The CBC recently discussed a report released by the American Academy of Pediatrics about the relationship between explicit lyrics and the behaviour of kids who listen to them.  In it, they imply that kids who listen to such lyrical content are negatively affected in the area of social development.  They say the effects are ‘profound’ and that their research that led to the report is ‘convincing’.  What the report apparently does not do is define a causal relationship between these two things according to the Media Awareness Network, a non-profit media literacy group from Ottawa. 

Thank goodness for such literacy groups as they point out the fallacies of such reports, produced and reproduced every couple years.  Think back to Tipper Gore’s successful lobbying of Congress in the 1980’s to have warning labels put on music CD’s.  She claimed she was only promoting consumer information but it was correctly perceived as dangerously close to promoting censorship.  It seems to me that every generation has its kick at the can with regards to challenging conventions, including musical ones.  But despite each iteration, there is really nothing new under the sun.  If anything, my worry would be about the lack of creativity in modern popular music. Lets face it, there is borrowing and there is stealing.  But that’s another battle…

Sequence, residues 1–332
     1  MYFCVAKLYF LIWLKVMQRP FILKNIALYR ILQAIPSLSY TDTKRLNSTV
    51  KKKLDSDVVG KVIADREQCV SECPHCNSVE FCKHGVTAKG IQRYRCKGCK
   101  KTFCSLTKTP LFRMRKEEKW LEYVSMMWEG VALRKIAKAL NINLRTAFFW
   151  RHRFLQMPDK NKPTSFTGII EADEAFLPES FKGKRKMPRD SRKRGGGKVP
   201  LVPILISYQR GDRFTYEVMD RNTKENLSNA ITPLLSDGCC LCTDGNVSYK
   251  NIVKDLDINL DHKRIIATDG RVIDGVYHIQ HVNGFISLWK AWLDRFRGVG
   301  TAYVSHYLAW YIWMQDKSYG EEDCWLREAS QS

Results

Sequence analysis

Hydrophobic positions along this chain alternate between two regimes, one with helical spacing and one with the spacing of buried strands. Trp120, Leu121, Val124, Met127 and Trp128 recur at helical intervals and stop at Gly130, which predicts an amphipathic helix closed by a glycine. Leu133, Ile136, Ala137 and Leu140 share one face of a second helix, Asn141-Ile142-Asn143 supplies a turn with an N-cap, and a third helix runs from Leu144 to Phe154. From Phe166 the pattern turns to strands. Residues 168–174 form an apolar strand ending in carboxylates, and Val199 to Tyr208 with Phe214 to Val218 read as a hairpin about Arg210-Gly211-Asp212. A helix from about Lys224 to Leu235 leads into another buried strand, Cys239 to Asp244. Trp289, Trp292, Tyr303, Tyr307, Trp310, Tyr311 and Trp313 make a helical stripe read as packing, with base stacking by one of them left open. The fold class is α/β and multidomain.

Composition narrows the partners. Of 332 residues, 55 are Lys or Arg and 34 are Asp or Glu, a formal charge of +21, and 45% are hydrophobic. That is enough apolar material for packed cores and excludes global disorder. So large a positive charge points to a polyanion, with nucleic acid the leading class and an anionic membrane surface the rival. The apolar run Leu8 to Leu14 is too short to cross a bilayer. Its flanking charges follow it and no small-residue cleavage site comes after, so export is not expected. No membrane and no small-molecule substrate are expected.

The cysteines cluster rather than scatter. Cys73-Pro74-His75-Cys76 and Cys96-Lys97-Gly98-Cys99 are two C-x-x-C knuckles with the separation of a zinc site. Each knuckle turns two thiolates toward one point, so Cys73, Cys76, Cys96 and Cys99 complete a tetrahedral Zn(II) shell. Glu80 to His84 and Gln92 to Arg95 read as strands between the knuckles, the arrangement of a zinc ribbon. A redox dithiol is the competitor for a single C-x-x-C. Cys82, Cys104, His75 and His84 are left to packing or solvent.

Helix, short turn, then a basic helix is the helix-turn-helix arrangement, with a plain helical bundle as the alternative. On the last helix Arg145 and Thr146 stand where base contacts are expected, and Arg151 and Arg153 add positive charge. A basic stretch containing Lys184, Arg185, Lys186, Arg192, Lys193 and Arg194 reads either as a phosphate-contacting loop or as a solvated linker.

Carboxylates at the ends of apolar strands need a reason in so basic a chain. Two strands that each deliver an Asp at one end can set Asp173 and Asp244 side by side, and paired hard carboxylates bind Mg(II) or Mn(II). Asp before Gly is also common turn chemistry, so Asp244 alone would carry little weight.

There are so many factors contributing to someone’s behaviour (peer group, home life, economic status, etc) that these semi-annual reports that attempt to blame explicit lyrics always give me pause.    Explicit lyrics more likely reflect the latter, if anything.

To read the CBC article go to: